After two days of driving from the Great Wall of China, the competitive element of the Peking to Paris Motor Challenge kicked in as the entrants reached the remote plains of Mongolia’s Gobi Desert. With two days of Time Trials ahead of them, some drivers came into their own while others were left playing in the sand.
In the Vintageants group of pre-war cars, Mike Reeves and BBC World Service presenter Michelle Jana Chan head the results in their ‘Bonnie and Clyde’ 1940 Ford V8 Coupe after the first event. Having completed the long test-section with a blistering pace, the British pair chalked up a three minute lead over their rivals, fellow Brits Phil Garratt and Kieron Brown in their red 1937 Chevy Fangio Coupe, and Denmark’s Lars and Annette Rolner, in the 1928 Bentley four-and-a-half.
The trio battled it out over a vast undulating plain of sandy, dusty, gritty, gravel tracks for the second event with the growling Ford V8 keeping its lead and ending with the second placed Chevy breathing down its neck. The Ford completed the Time Trial in 66m 12s, the Chevy chalking up 67m 47s, helping the Ford consolidate its lead, which now stands overall at 37h 9m 21s, compared with the Chevy crew’s 37h 16m 25s.
In third place, the Rolner’s Bentley has a total of 37h 17m 42s, just over a minute off the pace of the Chevy. A surprise fourth is the Swiss team of Mani Dubs and Robi Huber in the 1932 Rockne Six 75. This American saloon has excellent long-travel suspension that rides the bumps and crests most impressively. The British crew of Bill Cleyndert and Mark Van Hees in a 1929 Ford Model A Speedster hold an excellent fifth place among the Vintageants.
Meanwhile in the Classics division, the lead has become the battle of the Aussies as the ex-1974 World Cup Rally winning Citroen DS23¸ driven by Robbie Sherrard and Peter Washington, races for the top spot against 81-year-old Gerry Crown and teammate Matt Bryson in their 1973 Leyland P76.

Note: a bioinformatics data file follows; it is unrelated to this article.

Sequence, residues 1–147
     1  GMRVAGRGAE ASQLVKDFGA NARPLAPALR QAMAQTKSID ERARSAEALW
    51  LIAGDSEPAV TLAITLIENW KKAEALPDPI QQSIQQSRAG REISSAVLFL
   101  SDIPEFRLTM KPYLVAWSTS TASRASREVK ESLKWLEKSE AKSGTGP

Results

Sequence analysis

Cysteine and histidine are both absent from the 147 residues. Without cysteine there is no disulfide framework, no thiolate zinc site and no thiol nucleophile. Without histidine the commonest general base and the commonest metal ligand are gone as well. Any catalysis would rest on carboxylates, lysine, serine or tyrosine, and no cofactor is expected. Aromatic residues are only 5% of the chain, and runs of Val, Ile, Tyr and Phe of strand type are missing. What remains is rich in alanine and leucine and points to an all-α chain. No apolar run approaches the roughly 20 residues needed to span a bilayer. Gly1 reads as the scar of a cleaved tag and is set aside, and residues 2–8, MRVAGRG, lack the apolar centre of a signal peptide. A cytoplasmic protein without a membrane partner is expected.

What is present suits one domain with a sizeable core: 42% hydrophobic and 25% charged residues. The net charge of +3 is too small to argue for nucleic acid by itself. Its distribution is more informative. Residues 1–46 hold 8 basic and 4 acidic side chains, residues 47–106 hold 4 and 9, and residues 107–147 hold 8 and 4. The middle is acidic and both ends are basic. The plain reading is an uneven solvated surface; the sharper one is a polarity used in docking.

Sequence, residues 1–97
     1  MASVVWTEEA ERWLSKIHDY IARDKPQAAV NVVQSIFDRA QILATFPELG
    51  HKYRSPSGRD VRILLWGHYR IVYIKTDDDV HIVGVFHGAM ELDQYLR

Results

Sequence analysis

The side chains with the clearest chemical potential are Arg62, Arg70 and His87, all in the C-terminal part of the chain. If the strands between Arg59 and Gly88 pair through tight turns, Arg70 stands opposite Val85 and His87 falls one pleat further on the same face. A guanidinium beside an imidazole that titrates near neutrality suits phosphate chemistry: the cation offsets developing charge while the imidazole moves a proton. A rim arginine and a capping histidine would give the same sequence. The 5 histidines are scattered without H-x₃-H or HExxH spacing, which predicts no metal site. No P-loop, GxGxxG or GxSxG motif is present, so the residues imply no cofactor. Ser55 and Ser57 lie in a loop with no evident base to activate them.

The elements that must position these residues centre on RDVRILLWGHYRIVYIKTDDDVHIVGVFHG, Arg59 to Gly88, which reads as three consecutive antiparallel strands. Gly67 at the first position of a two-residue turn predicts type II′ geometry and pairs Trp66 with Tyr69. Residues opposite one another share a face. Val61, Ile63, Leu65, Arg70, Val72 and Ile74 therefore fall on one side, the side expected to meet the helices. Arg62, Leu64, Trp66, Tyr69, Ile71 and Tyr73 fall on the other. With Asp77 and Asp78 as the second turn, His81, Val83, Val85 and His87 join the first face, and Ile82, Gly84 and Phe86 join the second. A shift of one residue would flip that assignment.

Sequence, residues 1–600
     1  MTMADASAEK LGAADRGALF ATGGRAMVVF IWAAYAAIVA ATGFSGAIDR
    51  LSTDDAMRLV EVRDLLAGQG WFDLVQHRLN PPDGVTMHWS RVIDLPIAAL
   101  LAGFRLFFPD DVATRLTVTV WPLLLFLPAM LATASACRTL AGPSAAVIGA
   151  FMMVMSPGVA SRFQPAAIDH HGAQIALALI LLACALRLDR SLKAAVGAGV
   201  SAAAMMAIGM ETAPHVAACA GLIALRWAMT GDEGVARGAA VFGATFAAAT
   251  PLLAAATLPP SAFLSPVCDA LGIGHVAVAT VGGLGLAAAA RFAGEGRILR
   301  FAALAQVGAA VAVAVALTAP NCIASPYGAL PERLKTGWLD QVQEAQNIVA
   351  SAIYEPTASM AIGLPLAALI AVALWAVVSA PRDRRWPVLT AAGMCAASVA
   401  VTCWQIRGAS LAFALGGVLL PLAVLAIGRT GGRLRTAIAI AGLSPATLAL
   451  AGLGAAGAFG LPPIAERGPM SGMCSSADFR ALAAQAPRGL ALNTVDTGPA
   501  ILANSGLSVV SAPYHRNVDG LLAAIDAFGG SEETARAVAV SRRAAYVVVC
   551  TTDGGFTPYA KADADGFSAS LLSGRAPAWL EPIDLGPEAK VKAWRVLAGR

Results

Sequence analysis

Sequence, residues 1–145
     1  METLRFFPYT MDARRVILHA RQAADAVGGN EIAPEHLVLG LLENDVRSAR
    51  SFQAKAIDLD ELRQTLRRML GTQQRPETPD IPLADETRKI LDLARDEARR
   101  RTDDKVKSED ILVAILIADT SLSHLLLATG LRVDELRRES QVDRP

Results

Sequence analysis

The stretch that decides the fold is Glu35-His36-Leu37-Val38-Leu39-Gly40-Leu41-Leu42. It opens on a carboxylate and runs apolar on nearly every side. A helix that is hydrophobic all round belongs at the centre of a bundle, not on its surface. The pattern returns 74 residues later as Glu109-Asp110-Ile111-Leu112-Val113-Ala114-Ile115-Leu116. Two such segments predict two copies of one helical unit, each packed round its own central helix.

In the first trial, the Leyland was victorious. In the second, the Citroën took the lead. The total overall was 7h 34m 15s for the Citroën, with the Leyland on 7h 36m 17s, with two VW Beetles close behind. The 1970 Beetle of American’s John and Brett Layzell is third, over a minute adrift, with Garrick Staples and Hayden Burvill and their 1969 marque in fourth with a total of 7h 38m 11s – a minute and a half ahead of the 1965 Porsche 911 of Peter Lovett and Tim Smith. Car 100, the 1973 Holden pick-up, crewed by Peter St George and David Gainer is fifth.
While some drivers and cars are focused on winning, others just want to survive the day let alone the 33-day long challenge, with newcomer-crews getting to grips with the complexities of navigating by GPS using their Garmins, combined with the Tulip-style route book and excellently illustrated map book.
The rare Chevrolet Stylemaster suffered a broken half-shaft in the axle, requiring a truck, while the big Mercury Park Ward was side-lined with gearbox and axle problems, collecting maximum penalties. The Bentley of car 11 stopped early into the Time Trial with a blown clutch but fortunately had a spare. The big La France stopped a few kilometres into the second Time Trial with the enormous rear axle moving on its spring mountings, which with some fettling and axle-straps, was brought back to life.
For more results, rally reports and exclusive picture galleries of the Peking to Paris Rally and information on future Endurance Rally Association events, visit www.endurorally.com.